As a young child in Korea, I learned that dogs said “mung mung,” cats said “yow yow” and roosters screeched “ki-kirikee” at the break of day. Then my family immigrated to the United States and I discovered that American animals spoke an entirely different vocabulary, inspired by the same animal sounds but interpreted differently.
The same was true of the new folk songs and nursery rhymes I heard on the playground and later in the classroom. The language was different, but the underlying structures were familiar: Rhythmic, rhyming, repetitive chants that accompanied the clapping, hopping, counting, chasing and rope skipping games universal to children’s play. In the same way that Korean children sang “Open! Open the Great East Gate!” as friends passed under their linked hands, American children sang “London Bridge is Falling Down” with nearly the same cadence and gestures.
Decades later, I had a baby of my own. But when it came time to sing her to sleep or tickle her into a good mood, my husband and I found ourselves barely able to recall the words to “Twinkle Twinkle Little Star,” let alone “Wee Willie Winkie” or “John Jacob Jingleheimer Schmidt.”
The problem wasn’t with Mother Goose. The problem was that, for a child who is half Korean, a quarter Polish and the rest German, Native American and who knows whatall, whose favorite foods were hummus, bagels, quesadillas, kielbasa and miso soup, and whose friends and schoolmates came from every hemisphere on earth, Mother Goose was not enough. We didn’t limit our diet to the cuisine of one country. Why should we limit ourselves when it came to lullabies and nursery rhymes?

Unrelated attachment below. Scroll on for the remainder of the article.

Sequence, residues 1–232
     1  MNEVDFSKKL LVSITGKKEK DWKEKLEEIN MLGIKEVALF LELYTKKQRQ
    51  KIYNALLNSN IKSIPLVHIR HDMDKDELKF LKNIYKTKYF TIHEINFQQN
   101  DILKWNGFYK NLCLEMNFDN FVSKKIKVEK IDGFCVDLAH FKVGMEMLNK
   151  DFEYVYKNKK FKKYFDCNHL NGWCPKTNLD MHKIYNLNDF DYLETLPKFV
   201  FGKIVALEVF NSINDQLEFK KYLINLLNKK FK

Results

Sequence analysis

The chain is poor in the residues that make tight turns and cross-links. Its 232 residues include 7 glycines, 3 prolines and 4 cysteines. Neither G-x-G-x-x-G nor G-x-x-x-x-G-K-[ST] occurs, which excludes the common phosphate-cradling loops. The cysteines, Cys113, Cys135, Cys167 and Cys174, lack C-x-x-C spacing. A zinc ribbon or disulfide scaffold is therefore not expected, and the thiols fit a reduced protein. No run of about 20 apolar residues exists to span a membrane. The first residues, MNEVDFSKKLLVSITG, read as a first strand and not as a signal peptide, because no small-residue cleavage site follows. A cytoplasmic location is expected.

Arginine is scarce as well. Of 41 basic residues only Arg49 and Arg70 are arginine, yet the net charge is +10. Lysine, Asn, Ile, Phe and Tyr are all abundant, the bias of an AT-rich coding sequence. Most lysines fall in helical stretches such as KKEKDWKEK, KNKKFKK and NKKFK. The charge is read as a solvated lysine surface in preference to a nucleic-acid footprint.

Happily, the problem was easily remedied. As I should have remembered from my own past, children’s lore is universal. Trips to the library and bookstore turned up collections of African riddle stories, Jewish proverbs, Russian folktales, Mexican fingerplays and Brazilian counting songs.
But books are not the only resource. We are lucky to live in an ethnically diverse and culturally rich country. Enlist neighbors, church members and grandparents, especially those who come from different traditions, to teach the songs, games and dances of other lands to your child’s class or scout troop. Expanding our children’s worlds is not only fun and fascinating, it is the best preparation possible for their futures.
All over the world, parents care for their offspring in different ways. Tibetan babies are carried next to their fathers’ bellies in sheepskin slings. African babies are tied across their mothers’ backs with lengths of kente cloth. Mayan children sleep in hammocks. Japanese children sleep on futons on the floor alongside their parents. Italian infants are fed pastina cooked in milk, while Pakistani infants are fed khichiri, a porridge of rice and black lentil.
What is constant is family love and its expressions. In every country, children and babies are covered, rocked and sung to sleep. As the sun descends in the evening sky, lullabies speak of the moon and stars, subjects at once beautiful, cosmic and drowsy-making.